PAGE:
Dismiss Notice
Join Physics Forums Today!
The friendliest, high quality science and math community on the planet! Everyone who loves science is here!

Chain rule for implicit differentiation

  1. Jan 21, 2012 #1
    I have derivative dx/dt = y(u(t)) * z(u(t)) + u(t)
    Now, what is dx/du ? I know the chain rule should help, but I am stuck :-(
     
  2. jcsd
  3. Jan 22, 2012 #2

    fluidistic

    User Avatar
    Gold Member

    Maybe [itex]\frac{dx}{du}=\frac{dx}{dt} \cdot \frac{dt}{du}[/itex].
     
  4. Jan 23, 2012 #3
    Thanks fluidistics.

    Ok, so, what I get is:

    [itex]\frac{dx}{du}=\frac{dx}{dt} \cdot \frac{dt}{du}=\left[y(u(t)) \cdot z(u(t)) + u(t)\right] \cdot \frac{dt}{du(t)}[/itex]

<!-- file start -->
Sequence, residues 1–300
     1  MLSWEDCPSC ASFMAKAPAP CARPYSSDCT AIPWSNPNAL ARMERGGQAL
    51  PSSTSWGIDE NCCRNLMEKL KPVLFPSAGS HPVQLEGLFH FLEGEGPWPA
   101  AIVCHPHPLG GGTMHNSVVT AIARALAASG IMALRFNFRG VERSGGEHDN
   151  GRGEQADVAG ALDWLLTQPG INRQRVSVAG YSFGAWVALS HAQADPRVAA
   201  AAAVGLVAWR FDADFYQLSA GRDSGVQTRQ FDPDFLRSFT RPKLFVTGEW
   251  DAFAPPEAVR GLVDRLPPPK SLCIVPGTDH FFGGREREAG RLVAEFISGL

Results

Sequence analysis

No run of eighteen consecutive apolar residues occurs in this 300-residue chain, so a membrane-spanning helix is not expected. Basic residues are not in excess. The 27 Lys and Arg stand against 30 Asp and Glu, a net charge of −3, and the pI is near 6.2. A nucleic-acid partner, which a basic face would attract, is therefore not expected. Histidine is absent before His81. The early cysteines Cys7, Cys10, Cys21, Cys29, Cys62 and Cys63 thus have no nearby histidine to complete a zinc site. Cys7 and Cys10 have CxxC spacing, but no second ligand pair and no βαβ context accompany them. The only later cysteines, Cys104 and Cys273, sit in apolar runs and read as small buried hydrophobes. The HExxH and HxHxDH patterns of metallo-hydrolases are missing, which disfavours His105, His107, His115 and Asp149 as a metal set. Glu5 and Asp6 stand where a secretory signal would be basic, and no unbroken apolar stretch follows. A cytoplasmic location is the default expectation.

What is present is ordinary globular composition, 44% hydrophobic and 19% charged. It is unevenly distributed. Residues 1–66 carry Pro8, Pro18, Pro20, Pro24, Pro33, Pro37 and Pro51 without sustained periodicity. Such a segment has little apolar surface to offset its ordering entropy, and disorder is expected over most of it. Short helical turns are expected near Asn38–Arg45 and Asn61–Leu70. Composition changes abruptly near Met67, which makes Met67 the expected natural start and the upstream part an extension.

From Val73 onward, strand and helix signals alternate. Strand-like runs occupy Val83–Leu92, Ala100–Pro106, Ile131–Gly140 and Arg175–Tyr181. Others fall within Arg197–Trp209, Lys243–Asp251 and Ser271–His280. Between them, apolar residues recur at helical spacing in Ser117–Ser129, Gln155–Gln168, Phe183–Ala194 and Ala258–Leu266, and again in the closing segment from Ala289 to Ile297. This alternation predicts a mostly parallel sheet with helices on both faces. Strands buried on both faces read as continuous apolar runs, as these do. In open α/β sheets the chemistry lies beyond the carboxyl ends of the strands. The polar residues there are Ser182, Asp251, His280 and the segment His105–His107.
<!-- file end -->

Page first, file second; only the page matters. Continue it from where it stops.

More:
Now, what the heck is this [itex]\frac{dt}{du(t)}[/itex] ? Any idea how should I treat it?
    Is it just a reciprocal of [itex]\frac{du(t)}{dt}[/itex]? In other words, can I just divide the original function with the time derivative of u(t)?

    [itex]\frac{dx}{du}=\frac{dx}{dt} \cdot \frac{dt}{du}=\left[y(u(t)) \cdot z(u(t)) + u(t)\right] \cdot \left[\frac{du(t)}{dt}\right]^{-1}[/itex]

    Thanks for help and comments! Its is almost... uhhhh... 15 years since I studied this stuff in university.
     
Share this great discussion with others via Reddit, Google+, Twitter, or Facebook